2014 Kawasaki KLR650 New Edition


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Jan 26, 2014
2014 Kawasaki KLR650 New Edition, by Sean Klinger

7 Things You Should Know

For exactly 20 years, the Kawasaki KLR650 was nearly unchanged. Introduced in 1987, the big green dual-sporting machine received its first major overhaul in 2008 and that is how the bike has stayed for the last six years…until now. Well, the KLR650 New Edition isn’t radically different from its predecessors but for riders who lean closer to the off-road segment of dual-sport, it is a welcome improvement.

  1. New Edition: There are only a few changes to the KLR650 New Edition, the main two being the fork and shock. Though the fork is the same, non-adjustable, 41mm unit as before, it now has 40 percent stiffer springs and 27 percent firmer rebound. The shock is also the same 5-way adjustable set-up as before, but now has a 63 percent stiffer spring and 83 percent firmer rebound. The seat is now narrower at the front for better control yet is still wide and soft in the back for long rides. Also, you can choose green, black or pearl.
  2. Suspension: The fork and shock are definitely capable of jeep roads, poll-line trials, and even certain sections of the Baja 500 race course (not at race speeds of course). The front suspenders are planted and handled the KLR’s girth without diving under hard braking and the fork didn’t blow through the stroke on moderate hits. The shock really tracked the ground well and the rear of the bike stayed straight even when the front of the bike wasn’t because the rider was going way too fast in rough terrain. With at least 60 pounds of gear and a 200 lb. plus rider, the shock didn’t bottom except when encountering big whoops at 60 mph.
  3. Handling: Contrary to what it might look like this bike is pretty nimble. The turning radius is really small which helps in tight, tricky terrain, and when you decide to turn around when the trail gets more KX rather than KLR. Overall, the 650 has a light-handling feel and was surprisingly easy to lean the bike into corners, on and off the street. But that lightness also contributes to a busy front-end when at speed; the front tire can wag back and forth in rain grooves and in repeated hits off-road.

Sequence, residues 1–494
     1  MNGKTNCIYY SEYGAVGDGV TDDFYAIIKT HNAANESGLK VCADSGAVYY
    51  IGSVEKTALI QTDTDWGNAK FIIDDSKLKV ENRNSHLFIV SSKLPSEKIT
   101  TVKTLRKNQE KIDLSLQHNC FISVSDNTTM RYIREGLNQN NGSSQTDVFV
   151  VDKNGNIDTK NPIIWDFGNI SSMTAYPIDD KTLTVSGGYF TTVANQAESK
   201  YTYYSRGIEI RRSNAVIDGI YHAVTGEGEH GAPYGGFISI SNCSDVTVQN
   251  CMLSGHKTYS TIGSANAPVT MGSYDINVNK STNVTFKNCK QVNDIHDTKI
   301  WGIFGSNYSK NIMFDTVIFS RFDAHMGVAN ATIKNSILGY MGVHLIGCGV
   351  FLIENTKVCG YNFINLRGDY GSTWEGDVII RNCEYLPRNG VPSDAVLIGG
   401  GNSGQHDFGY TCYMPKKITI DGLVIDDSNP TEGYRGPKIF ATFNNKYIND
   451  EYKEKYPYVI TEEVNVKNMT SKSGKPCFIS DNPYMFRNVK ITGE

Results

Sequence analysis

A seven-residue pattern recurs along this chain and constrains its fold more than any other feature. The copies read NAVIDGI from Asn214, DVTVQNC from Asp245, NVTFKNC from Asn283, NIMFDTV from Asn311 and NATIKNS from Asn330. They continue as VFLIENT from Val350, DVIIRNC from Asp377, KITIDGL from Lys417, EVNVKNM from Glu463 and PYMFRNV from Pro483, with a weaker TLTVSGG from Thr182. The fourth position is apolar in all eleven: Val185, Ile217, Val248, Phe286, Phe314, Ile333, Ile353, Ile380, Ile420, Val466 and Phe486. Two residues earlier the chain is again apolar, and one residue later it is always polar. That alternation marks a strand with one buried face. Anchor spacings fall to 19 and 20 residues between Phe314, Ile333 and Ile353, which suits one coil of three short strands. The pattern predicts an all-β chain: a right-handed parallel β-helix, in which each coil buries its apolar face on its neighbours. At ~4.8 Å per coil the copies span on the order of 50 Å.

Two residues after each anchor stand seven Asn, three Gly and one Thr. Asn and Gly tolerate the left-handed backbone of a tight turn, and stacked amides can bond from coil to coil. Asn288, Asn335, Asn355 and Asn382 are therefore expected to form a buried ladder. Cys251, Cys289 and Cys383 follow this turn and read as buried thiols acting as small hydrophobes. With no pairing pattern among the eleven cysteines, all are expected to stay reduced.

4. A Lot of Bike: While the KLR handles well at moderate speeds, when it is in slow terrain, the bike starts to show all of its 432 lbs. Also, even though the New Edition’s seat has a narrower front section the bike is still much wider than any MX’er or trail bike. But, on long stretches of highway it is really nice to have a wide, soft contact patch for your rear end and even with four hours of continuous riding, we didn’t have sore buns.
  5. Torque Master: Do not be mistaken, the KLR’s 651cc powerplant is all about lugging. The redline on the tachometer is 7,500 rpm, but there is no reason to push the double overhead cam engine that far since there is ample torque throughout the power. It’s not rip-your-arms off fast but the power just builds in a very linear and predictable fashion that would not intimidate even the newest of motorcyclist. While the stock exhaust is ninja quiet, we did try an FMF Powercore4 slip-on muffler to get a little more excitement out of the motor. The aftermarket pipe did just that, yet was annoyingly loud and not street legal in California.
  6. The Long Haul: With an upright seating position, fairings, and a windscreen, this bike is ready to take on the open road (and trail) and lots of it. Also, even though they are mostly for branches and trees, the hand guards do just as well warding of chilly wind and road spray. The KLR650 has a proven history of being bulletproof and the engine’s low rpm keep it from needing a lot of maintenance in the motor and transmission department. To round out its adventure package it has a sturdy, wide rear fender rack and a skid plate to protect its vital organs.
  7. Budget Friendly Legacy: After riding the Kawasaki KLR650 New Edition, we can see why this bike has such a huge following and why the New Edition will bring even more dirt riders into the fold. Other than tight single track, nasty hillclimbs or really deep, soft sand or gravel, this legend of a dual-sporter will take riders farther than almost any other bike on the market. And you just can’t ignore the fact that it can do all this with an MSRP of $6,599!

Seat height: 34.8”

Ground clearance: 8.5”

Fuel capacity: 6.1 gal.

Weight (tank full): 432 lb

MSRP: $6,599 more